Just the other day I was remarking to a colleague that with so many publishing options and platforms available to young cartoonists, the rise of “shady publishers” like Platinum and TokyoPop has stopped and there are very few truly fly-by-night operations out there any more. Sadly, the damage was done, however, and here’s a sad, sad, but cautionary story. Cartoonist Megan Rose Gedris writes that she’s taking her comics off the web because she does not want to support its owner, Platinum Studios anymore. I was Kidnapped by Vampire Lesbian Pirates from Outer Space has been running since 2005, and has 450 pages completed, but as of November 5th, Gedris is taking the whole thing down from the web:
This is by my own choice, a very difficult choice. As you may or may not know, the rights to LPFOS were bought by Platinum Studios in 2006. In the years since I first became involved with them, more and more of their shady practices have been revealed, to the point where I can’t be involved with them in any capacity anymore. I tried to get the rights back through many different avenues, but there is nothing I can do.
Right now, Lesbian Pirates From Outer Space is one of the comics Platinum is most proud of. They can show it off to investors as a success that they created, despite not doing a thing with the property except for one small print run 6 years ago. I have not seen a dime from them since 2007. Once the initial 6 issues they commissioned were over in 07, I was “allowed” to keep working on the series, which I did because I enjoyed the characters, but I received no payment. I received no support in any other capacity. I built the comic up by myself and with some gracious help from Hiveworks. Platinum Studios did nothing but hold it back. I had plans for a 4th and 5th arc of the comic, but ended the series this past January when I realized things with Platinum would never get better and as much as I loved these characters, I was being taken advantage of by continuing the series.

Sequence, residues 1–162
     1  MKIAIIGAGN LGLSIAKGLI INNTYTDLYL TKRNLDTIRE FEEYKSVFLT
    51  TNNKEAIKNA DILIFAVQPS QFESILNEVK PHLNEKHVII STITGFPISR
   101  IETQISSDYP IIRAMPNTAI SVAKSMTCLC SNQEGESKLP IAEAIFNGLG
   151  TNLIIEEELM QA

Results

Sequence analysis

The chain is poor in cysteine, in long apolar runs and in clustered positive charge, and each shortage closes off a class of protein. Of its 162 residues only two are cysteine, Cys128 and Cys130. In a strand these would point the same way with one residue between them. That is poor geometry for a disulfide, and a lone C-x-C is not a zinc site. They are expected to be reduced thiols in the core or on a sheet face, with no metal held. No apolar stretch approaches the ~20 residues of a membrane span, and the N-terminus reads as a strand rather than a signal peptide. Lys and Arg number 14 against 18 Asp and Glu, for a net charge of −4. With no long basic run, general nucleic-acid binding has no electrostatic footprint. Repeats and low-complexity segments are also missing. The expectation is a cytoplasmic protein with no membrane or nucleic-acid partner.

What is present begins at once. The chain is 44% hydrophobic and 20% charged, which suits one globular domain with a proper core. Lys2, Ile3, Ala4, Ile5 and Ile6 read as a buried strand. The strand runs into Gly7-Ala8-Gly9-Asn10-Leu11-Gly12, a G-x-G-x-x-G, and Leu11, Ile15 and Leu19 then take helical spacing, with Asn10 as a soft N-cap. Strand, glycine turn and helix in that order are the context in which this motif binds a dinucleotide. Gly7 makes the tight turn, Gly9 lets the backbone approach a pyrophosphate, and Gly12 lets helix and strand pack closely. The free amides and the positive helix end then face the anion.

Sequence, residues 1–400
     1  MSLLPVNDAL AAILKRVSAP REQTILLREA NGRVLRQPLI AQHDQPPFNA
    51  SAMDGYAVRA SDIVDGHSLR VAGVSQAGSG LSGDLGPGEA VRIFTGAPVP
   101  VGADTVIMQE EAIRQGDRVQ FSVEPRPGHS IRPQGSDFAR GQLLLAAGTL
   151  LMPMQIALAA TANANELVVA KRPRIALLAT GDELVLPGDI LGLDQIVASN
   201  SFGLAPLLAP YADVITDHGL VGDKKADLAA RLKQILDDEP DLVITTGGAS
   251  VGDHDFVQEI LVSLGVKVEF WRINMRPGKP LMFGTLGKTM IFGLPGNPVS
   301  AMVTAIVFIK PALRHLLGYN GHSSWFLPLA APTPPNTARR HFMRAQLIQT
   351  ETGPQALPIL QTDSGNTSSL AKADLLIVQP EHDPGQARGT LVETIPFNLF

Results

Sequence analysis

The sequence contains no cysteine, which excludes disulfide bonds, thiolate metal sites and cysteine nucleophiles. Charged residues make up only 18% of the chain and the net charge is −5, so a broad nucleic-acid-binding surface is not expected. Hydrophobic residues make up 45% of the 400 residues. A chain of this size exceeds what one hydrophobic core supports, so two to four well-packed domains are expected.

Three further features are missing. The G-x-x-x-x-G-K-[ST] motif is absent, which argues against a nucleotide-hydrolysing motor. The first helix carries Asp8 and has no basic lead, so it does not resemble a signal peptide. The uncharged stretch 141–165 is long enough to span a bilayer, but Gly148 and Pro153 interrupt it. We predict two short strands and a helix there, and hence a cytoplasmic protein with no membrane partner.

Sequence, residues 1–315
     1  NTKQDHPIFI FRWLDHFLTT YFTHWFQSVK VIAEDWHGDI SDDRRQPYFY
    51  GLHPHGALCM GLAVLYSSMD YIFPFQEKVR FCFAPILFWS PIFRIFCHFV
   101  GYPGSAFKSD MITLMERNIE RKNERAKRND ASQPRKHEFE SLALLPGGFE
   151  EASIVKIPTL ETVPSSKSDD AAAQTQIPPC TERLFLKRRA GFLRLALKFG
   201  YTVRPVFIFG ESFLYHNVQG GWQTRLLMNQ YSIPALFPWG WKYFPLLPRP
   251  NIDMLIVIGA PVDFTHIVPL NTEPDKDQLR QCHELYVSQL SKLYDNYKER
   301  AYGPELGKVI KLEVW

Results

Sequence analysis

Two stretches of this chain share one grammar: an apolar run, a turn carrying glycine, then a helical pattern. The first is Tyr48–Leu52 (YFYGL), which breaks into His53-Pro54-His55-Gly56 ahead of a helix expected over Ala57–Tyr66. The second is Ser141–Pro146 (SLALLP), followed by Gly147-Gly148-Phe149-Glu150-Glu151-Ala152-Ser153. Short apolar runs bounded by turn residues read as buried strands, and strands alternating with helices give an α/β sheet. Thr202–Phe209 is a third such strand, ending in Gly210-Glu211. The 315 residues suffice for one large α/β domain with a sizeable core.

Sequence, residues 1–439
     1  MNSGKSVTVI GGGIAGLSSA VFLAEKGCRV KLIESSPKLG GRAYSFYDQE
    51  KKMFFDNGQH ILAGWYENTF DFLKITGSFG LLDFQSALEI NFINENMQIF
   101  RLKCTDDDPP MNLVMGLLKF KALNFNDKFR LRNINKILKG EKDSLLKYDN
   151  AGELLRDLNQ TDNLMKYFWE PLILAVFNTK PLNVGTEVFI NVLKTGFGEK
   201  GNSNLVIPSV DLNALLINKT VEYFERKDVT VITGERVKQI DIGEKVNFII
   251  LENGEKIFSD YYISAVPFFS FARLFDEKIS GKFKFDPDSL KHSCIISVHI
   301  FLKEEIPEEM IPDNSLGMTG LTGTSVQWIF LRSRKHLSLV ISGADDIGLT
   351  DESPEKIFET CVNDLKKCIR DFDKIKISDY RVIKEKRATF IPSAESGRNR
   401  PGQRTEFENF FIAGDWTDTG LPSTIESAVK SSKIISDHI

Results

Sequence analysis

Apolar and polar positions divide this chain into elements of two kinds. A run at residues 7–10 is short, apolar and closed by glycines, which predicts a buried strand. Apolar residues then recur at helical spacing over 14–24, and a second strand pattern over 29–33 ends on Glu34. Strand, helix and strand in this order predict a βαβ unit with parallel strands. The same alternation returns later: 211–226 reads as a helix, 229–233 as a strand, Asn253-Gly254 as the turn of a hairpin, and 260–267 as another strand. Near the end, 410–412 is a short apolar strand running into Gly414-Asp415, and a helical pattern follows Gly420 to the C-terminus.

I can’t help but feel so foolish. To have sold the rights in the first place, even if I was just a naive kid. To have let them blow smoke up my ass for years. To have ignored the scandals happening all around them, with so many other creators bringing grievances against them. To have continued the series for so long under such circumstances. To have held out hope I would be different and not get bit by this snake.
Young creators, please know that “getting published” is not the be-all-end-all of doing comics. There are so many people in this industry who will take advantage of your eagerness to be a “real comic artist.” Yes, you DO need a lawyer, I don’t care how must you trust that publisher, how big or small. Every contract, every time. Don’t sell something for what you think is a fair price. Know what the fair price is. Know what your value is. Know what the industry standards are. If you can’t get a good deal, don’t take a bad deal and hope for the best. Don’t take a bad deal and tell yourself it’s better than no deal at all. There are so many other avenues.
Truer words were never spoken:
Don’t take a bad deal and tell yourself it’s better than no deal at all. There are so many other avenues.
I see fewer and fewer young cartoonists in any mood to sign with ANYONE really, and one of the reasons that the comics industry is in better shape than it has been in a while is that the publishers who are getting into it now are doing it for love and idealism, not for making a buck off naive young artists.
Still, this is a painful story to read.
It’s been nearly a year since I checked on on the insane world of Platinum. I wonder what’s been going on?
Heidi MacDonald is the founder and editor in chief of The Beat. In the past, she worked for Disney, DC Comics, Fox and Publishers Weekly. She can be heard regularly on the More To Come Podcast. She likes coffee, cats and noble struggle.